Learn to Read vs. Read to Learn: No More
Children progress from learning to read to eventually reading to learn. If you are an educator responsible for teaching reading you may have heard some form of this catch phrase over the years. It has been a popular saying in the field of teaching for a while now.
News flash: it is done, over, and finished. No more! Stop saying it! Let me tell you why.
Students do have to first acquire the necessary foundational skills to learn how to read before they can do so independently. No one is arguing that point. However, students are never too young to obtain knowledge from literature. When I first heard literacy researchers and fellow reading advocates steering folks away from the Learn to Read vs. Read to Learn saying I was shocked. The catch phrase had always resonated with me. It was simple, straightforward, and made sense. As an early childhood educator, I branded myself with the charge of teaching my students to learn to read- which is certainly no simple task!
I may have been guilty of one issue, though. One MAJOR issue to be exact. I did not take a huge ownership over my students actually reading to learn. Or even planting the seeds in them that one day they would be independently responsible for reading to learn on their own across multiple disciplines. I should have done a better job intentionally using complex read alouds and modeling how I was obtaining new information and vocabulary from the books I read to my students. We cannot wait until students are in the 3rd and 4th grades before they start exploiting complex texts for the rich knowledge they offer.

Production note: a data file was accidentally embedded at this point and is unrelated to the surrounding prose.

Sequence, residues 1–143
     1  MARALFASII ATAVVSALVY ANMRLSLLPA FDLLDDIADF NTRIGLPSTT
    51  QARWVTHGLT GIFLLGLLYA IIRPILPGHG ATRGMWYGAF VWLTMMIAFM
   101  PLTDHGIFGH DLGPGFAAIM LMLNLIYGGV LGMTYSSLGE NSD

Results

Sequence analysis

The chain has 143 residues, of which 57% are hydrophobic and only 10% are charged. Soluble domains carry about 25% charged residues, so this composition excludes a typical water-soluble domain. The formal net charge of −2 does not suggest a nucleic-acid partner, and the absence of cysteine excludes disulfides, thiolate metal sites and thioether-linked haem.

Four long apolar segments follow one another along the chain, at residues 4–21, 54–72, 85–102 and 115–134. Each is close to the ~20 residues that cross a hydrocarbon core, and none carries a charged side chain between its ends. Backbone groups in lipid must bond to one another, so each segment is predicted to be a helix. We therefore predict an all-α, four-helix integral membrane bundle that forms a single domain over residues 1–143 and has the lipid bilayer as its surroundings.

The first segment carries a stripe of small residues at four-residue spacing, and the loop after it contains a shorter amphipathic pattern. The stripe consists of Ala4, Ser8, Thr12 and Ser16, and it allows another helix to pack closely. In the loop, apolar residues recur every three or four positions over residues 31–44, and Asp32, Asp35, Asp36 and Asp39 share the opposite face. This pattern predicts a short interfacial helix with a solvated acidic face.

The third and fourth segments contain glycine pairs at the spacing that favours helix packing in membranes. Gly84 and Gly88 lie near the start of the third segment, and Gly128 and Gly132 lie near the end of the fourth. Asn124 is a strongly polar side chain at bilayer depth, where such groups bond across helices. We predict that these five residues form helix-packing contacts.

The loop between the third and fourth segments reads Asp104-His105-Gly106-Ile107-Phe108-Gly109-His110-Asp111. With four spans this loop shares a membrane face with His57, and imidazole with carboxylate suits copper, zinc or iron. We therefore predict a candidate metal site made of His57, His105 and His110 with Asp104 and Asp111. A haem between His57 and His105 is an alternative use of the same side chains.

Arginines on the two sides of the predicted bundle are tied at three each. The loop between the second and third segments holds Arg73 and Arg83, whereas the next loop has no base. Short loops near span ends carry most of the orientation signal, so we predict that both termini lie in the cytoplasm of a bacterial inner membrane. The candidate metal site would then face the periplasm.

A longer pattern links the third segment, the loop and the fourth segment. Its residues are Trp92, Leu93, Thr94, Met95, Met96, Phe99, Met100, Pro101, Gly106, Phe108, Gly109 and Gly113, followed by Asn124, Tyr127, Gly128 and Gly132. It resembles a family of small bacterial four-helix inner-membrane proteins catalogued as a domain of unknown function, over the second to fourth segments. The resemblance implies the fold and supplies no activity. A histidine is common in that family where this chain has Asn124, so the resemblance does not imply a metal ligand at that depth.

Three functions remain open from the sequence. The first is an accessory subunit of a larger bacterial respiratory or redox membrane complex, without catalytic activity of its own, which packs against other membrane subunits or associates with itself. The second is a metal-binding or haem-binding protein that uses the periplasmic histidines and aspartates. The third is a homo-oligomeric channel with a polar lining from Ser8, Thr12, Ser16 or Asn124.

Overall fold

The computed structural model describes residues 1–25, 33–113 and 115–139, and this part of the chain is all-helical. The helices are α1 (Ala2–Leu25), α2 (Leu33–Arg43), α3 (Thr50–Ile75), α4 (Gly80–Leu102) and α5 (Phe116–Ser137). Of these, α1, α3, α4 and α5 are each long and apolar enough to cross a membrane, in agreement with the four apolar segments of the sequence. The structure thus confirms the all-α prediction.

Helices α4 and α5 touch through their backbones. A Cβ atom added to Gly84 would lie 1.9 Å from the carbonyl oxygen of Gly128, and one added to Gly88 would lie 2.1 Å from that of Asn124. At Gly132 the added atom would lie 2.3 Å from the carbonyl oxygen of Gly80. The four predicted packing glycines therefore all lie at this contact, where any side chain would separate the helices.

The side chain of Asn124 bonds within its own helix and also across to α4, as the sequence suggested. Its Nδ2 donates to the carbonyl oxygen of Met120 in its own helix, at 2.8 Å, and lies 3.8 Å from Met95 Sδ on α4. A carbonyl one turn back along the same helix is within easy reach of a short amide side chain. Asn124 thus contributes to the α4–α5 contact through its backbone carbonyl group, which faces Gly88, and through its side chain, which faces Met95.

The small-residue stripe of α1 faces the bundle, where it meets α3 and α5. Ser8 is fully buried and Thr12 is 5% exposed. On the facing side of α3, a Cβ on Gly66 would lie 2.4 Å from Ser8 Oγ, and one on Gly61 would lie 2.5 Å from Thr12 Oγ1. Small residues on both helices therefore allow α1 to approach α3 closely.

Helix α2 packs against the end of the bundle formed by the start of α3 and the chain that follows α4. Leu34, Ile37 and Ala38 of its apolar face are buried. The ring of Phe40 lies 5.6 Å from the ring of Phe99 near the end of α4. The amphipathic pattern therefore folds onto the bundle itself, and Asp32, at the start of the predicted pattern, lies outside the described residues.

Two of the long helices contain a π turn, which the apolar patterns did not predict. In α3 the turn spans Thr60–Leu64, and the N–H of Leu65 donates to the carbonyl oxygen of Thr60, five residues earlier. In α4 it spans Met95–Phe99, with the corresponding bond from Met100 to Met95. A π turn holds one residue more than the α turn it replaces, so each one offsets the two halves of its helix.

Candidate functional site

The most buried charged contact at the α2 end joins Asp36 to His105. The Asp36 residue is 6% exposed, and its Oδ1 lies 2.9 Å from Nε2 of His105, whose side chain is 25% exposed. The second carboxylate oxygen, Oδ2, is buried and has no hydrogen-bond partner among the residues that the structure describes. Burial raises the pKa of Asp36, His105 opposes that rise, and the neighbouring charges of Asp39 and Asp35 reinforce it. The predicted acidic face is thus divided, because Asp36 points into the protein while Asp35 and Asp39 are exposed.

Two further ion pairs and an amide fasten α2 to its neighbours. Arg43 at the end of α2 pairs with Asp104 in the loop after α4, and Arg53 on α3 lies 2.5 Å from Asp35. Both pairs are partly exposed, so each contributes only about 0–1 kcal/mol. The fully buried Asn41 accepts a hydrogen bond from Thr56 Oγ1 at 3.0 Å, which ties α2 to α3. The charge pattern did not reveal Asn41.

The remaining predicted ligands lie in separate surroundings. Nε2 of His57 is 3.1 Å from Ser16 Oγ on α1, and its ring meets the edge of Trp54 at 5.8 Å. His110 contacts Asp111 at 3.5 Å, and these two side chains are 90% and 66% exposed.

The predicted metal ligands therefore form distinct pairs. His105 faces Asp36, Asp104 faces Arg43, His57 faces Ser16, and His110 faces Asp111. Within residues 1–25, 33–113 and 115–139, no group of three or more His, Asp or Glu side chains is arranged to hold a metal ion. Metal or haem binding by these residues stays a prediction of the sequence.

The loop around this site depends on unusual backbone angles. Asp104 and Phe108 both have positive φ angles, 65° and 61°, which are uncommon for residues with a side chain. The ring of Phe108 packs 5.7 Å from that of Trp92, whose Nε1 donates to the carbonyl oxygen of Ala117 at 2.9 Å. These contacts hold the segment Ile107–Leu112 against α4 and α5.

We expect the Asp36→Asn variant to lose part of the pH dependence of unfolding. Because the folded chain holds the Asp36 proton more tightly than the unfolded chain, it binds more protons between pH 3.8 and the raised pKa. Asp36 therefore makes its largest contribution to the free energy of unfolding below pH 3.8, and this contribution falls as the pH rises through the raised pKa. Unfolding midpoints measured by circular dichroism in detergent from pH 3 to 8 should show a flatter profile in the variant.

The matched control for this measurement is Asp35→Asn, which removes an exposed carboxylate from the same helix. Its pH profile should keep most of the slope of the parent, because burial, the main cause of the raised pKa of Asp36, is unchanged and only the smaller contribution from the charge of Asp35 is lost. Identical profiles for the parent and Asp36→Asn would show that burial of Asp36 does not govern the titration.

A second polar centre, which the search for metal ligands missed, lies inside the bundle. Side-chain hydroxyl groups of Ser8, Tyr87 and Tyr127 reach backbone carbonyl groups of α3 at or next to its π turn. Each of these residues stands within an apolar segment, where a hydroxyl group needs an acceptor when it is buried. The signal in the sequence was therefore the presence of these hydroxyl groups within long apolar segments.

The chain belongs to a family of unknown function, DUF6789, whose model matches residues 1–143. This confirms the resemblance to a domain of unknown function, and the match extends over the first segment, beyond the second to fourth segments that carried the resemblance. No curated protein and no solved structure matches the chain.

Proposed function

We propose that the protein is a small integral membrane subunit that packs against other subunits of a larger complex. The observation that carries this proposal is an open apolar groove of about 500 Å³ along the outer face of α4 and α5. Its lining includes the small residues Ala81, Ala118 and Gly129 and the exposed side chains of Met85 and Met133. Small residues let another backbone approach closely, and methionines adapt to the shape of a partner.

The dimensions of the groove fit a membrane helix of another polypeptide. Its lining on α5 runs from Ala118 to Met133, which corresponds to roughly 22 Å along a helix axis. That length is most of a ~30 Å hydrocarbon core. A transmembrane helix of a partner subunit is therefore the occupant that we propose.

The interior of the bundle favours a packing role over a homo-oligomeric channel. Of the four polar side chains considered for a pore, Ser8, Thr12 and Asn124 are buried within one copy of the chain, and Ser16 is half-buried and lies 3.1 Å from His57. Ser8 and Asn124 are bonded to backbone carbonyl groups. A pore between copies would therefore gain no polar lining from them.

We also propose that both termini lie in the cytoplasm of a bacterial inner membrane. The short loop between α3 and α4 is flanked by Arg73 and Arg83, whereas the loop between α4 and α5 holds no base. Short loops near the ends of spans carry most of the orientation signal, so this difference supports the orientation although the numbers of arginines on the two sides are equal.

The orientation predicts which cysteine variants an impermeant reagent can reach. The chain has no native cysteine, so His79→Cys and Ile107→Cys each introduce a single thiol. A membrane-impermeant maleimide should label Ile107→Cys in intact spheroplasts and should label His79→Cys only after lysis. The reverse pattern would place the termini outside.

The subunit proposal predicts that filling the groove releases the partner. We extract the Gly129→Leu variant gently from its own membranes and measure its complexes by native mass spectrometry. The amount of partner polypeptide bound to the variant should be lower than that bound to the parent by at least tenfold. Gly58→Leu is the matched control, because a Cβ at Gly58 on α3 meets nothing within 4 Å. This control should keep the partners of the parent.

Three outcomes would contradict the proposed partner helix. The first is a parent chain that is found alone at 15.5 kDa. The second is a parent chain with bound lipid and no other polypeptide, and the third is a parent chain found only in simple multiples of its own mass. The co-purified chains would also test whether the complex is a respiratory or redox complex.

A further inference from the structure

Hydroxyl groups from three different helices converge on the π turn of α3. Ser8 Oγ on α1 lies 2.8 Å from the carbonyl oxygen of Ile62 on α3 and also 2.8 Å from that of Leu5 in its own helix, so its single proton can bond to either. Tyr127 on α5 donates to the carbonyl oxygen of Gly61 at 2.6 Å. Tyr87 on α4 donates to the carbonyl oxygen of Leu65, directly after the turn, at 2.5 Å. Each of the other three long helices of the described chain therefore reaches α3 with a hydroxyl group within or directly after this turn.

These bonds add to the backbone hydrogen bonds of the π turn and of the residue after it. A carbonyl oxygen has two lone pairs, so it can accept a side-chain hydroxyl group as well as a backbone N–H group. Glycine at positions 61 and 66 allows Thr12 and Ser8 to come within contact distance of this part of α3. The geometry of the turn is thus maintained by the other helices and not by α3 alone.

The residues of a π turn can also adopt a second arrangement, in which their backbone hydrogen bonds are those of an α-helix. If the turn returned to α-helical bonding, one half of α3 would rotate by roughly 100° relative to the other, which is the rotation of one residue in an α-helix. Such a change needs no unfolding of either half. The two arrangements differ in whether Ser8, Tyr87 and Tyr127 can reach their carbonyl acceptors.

“We can ALL become better readers.”
On the other hand, even if your students come to you as readers, you are still very responsible for teaching them how to read. I have heard many upper elementary, middle school, high school, and even college educators say how glad they are that it is not their job to teach kids to read. Oh, but it really is part of your job to teach students how to read. I tell my students all the time, “We can ALL become better readers.” I am a huge proponent of all educators being trained on the basic building blocks of reading acquisition. One can best address gaps in students’ understanding if you are familiar with where they are struggling and what to do to help them get back on track.
So ready or not, your students are learning when they read or listen to literature. No matter what grade level you teach reading to, you are tasked with teaching your students to read AND teaching them to learn through reading. Goodbye “Learning to Read vs. Reading to Learn.” You will be missed! I guess it’s like any other educational catch phrase: easy come, easy go! On to the next one…